Even our founders have experienced descrimination in the recruitment process. Knockri was founded because our CEO Jahanzaib Ansari was applying for career opportunities he was qualified for but never got called back once. He was consistently passed up and months went by without interest from the companies he wanted to work for.
Things changed quickly when Maaz Rana, our co-founder and COO, made the suggestion to anglicize his name to “Jay”. Within weeks the same companies that overlooked him now were on his trail to hire him. This experience inspired him to look to AI as a possible solution for allowing other, competent candidates to overcome these biases – introducing it as a cost effective and fair solution.
The introduction to AI as a solution
In talent acquisition, AI has recently emerged as the new solution to help mitigate bias. There have never been so many data points available to help recruiters and hiring managers make better decisions.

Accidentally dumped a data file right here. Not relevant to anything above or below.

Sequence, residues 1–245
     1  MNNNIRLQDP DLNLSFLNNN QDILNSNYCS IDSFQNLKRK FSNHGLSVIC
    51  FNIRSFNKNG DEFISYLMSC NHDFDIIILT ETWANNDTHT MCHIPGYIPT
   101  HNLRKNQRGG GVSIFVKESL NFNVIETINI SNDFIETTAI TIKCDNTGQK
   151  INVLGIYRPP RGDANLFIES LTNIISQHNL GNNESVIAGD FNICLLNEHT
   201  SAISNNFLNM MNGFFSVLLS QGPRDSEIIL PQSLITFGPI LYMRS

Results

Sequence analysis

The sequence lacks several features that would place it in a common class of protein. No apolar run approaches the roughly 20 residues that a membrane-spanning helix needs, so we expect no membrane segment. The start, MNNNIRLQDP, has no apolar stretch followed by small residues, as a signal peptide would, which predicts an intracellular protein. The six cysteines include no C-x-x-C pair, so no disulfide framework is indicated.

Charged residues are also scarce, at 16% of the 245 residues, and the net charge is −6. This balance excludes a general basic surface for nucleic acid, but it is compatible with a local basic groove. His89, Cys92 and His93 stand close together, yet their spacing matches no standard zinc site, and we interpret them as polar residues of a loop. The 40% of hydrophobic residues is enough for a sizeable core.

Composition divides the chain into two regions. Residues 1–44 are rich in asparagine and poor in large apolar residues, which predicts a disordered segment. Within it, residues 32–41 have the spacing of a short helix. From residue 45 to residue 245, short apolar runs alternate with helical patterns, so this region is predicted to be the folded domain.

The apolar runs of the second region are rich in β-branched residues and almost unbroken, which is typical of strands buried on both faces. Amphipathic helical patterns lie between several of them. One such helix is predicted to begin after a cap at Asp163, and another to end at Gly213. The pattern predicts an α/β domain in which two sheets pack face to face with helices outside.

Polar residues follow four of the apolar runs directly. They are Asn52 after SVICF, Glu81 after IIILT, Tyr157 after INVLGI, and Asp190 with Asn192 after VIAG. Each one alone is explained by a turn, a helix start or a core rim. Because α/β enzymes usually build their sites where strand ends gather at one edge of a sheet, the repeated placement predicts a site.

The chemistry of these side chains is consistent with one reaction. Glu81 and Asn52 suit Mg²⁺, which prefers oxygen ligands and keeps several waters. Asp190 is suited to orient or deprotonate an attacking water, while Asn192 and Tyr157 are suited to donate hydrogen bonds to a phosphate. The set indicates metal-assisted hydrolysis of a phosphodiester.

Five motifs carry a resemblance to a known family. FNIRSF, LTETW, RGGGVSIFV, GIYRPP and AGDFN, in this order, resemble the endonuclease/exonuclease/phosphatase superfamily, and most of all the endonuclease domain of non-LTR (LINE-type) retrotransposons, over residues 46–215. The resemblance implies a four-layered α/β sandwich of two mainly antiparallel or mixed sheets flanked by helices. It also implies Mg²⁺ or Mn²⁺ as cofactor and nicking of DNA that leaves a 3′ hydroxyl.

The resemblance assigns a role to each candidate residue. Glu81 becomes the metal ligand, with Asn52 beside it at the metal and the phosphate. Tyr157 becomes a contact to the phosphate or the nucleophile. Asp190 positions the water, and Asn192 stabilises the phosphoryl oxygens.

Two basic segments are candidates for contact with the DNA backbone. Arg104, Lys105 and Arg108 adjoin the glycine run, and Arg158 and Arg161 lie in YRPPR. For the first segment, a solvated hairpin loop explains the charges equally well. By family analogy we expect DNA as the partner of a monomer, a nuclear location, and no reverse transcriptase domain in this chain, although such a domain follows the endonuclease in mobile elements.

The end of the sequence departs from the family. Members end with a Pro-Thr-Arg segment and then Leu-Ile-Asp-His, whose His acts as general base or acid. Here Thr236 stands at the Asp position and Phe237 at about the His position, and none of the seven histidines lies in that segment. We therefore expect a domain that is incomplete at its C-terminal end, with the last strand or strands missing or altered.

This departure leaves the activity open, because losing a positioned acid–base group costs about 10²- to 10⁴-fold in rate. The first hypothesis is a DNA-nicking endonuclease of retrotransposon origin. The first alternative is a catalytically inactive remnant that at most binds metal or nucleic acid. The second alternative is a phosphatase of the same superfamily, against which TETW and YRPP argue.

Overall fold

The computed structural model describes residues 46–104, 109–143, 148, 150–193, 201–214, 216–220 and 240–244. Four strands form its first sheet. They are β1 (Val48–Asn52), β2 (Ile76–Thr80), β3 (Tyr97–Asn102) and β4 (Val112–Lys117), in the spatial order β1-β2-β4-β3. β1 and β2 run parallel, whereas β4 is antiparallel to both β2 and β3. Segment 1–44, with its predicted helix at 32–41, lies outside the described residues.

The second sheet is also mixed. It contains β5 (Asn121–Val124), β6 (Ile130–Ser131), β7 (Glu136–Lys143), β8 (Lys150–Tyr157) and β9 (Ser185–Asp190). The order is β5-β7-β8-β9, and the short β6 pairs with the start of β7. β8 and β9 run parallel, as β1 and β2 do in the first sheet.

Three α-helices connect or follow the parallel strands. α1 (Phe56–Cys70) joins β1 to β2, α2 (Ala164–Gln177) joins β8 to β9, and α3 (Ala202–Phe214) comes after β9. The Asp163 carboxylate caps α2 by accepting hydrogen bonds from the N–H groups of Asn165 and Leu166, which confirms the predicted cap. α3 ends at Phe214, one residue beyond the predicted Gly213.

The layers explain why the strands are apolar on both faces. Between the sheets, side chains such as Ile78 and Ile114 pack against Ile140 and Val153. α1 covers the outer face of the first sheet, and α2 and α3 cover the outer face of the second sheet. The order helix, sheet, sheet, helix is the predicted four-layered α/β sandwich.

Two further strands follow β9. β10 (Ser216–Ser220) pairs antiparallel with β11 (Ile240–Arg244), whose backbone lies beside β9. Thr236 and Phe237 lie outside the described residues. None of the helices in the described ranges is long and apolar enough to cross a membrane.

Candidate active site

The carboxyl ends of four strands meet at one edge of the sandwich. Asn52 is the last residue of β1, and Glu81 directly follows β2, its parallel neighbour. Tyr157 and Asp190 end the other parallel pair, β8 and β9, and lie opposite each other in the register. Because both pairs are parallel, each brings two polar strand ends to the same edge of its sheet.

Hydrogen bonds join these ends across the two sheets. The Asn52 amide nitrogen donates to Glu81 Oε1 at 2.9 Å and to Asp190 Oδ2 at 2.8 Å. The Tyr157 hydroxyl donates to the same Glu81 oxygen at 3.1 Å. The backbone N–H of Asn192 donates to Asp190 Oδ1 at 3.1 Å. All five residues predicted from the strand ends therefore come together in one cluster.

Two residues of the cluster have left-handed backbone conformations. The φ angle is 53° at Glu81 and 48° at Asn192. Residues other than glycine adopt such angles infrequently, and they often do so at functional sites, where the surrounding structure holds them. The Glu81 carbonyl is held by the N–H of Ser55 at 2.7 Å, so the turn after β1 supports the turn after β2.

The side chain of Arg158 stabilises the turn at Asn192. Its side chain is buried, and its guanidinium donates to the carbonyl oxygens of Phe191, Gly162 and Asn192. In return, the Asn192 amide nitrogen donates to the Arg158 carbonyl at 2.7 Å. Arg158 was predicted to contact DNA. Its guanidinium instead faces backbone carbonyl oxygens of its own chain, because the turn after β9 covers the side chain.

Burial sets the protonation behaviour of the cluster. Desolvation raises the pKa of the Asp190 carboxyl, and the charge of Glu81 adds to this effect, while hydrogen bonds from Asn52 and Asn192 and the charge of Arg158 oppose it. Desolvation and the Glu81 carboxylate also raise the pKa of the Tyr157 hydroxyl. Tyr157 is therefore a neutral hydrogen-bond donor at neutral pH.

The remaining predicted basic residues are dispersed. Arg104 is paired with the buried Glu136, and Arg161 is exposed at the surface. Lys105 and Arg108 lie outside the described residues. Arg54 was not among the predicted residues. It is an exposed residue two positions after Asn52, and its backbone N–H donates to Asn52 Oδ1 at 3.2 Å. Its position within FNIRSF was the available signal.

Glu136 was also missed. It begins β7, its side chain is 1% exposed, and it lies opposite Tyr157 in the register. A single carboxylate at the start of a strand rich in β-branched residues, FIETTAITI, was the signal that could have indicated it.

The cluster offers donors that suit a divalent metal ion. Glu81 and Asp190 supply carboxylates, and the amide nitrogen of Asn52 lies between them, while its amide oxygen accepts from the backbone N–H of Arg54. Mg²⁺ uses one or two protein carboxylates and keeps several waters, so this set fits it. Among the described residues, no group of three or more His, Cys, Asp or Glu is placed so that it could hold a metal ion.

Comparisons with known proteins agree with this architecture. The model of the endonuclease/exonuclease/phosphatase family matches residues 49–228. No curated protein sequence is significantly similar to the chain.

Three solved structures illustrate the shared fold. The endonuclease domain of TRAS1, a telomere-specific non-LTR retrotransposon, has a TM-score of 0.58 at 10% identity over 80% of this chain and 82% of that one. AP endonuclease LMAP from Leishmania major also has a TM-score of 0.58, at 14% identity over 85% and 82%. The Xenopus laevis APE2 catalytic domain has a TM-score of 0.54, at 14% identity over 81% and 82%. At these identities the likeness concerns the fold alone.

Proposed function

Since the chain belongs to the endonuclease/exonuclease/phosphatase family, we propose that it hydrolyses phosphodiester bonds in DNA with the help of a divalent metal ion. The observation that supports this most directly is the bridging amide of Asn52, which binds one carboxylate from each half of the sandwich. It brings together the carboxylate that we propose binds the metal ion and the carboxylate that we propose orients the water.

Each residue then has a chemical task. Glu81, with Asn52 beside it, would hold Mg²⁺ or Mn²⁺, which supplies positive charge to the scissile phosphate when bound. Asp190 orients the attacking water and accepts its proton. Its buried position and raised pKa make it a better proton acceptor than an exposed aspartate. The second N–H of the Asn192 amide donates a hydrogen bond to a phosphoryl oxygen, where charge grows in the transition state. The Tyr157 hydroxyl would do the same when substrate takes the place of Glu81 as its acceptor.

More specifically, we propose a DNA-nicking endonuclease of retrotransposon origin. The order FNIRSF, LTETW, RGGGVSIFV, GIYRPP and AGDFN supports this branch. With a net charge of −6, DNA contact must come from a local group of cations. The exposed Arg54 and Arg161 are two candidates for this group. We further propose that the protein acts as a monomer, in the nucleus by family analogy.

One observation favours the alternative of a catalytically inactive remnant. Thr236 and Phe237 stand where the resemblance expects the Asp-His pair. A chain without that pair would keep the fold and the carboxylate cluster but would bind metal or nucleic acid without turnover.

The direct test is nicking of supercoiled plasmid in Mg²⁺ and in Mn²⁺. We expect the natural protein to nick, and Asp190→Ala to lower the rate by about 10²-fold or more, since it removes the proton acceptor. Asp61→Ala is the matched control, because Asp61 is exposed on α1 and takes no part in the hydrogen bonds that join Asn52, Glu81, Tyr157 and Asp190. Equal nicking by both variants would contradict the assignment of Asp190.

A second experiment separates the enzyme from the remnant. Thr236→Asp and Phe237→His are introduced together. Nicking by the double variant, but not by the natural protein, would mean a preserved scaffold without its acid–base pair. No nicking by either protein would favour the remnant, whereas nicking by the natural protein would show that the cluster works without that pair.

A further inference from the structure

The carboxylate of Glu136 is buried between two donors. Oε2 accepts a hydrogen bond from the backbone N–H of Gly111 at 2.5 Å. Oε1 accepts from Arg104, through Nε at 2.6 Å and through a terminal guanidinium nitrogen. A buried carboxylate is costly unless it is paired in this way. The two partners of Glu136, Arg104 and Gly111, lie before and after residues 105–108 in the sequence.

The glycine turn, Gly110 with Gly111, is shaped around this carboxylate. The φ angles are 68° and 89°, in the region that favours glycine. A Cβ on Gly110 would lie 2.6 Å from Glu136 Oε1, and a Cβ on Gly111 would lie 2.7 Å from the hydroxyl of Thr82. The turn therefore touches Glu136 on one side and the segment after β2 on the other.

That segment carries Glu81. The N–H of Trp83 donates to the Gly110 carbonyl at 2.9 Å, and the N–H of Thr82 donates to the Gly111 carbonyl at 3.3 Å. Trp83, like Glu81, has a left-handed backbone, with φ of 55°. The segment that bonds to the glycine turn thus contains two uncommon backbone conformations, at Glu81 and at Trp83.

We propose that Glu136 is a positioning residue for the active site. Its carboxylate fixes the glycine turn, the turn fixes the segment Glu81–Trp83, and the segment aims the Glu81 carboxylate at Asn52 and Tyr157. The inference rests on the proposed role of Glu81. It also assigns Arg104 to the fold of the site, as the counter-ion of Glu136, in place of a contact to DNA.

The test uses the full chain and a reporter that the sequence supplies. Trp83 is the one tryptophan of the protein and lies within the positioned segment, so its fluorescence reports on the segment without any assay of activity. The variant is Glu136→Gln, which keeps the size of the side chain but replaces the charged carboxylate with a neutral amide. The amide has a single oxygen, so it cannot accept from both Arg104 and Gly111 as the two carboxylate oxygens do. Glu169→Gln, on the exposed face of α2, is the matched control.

With machine learning and natural language processing AI is able to screen, assess and shortlist candidates by leveraging large quantities of data. Using algorithms derived by machine learning engineers, the AI can analyze data points to make predictions on top performing talent.
The AI can be programmed to dismiss gender, race, age, ethnicity, sexuality, and education. Ignoring these data points can make the recommendations more objective thus in theory mitigating bias in the process.
The AI can be calibrated, validated and continually tested for leakages in bias. That, and the ability to process giant volumes of data faster than any human brain really creates a tool that humans can use to help make better decisions.
A relevant use case would be in the case of large applicant pools created by the increase in unemployment by Covid-19. I have met with many recruiters from enterprise organizations that deal with volume hiring. Their biggest challenge is adequately screening the applicant pool to make great hiring decisions.